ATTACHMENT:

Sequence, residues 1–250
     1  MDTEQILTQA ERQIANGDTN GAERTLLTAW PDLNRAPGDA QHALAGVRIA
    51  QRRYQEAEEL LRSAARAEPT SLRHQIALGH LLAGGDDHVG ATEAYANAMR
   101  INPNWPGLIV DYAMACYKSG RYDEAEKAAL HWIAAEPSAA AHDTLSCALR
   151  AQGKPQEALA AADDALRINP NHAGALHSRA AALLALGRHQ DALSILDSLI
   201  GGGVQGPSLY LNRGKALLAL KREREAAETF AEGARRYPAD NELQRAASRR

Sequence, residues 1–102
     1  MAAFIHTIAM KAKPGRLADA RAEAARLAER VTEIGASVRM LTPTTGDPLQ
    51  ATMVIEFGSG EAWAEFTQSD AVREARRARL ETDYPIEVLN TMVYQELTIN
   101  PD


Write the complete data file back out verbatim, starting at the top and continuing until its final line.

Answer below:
Sequence, residues 1–250
     1  MDTEQILTQA ERQIANGDTN GAERTLLTAW PDLNRAPGDA QHALAGVRIA
    51  QRRYQEAEEL LRSAARAEPT SLRHQIALGH LLAGGDDHVG ATEAYANAMR
   101  INPNWPGLIV DYAMACYKSG RYDEAEKAAL HWIAAEPSAA AHDTLSCALR
   151  AQGKPQEALA AADDALRINP NHAGALHSRA AALLALGRHQ DALSILDSLI
   201  GGGVQGPSLY LNRGKALLAL KREREAAETF AEGARRYPAD NELQRAASRR

Sequence, residues 1–102
     1  MAAFIHTIAM KAKPGRLADA RAEAARLAER VTEIGASVRM LTPTTGDPLQ
    51  ATMVIEFGSG EAWAEFTQSD AVREARRARL ETDYPIEVLN TMVYQELTIN
   101  PD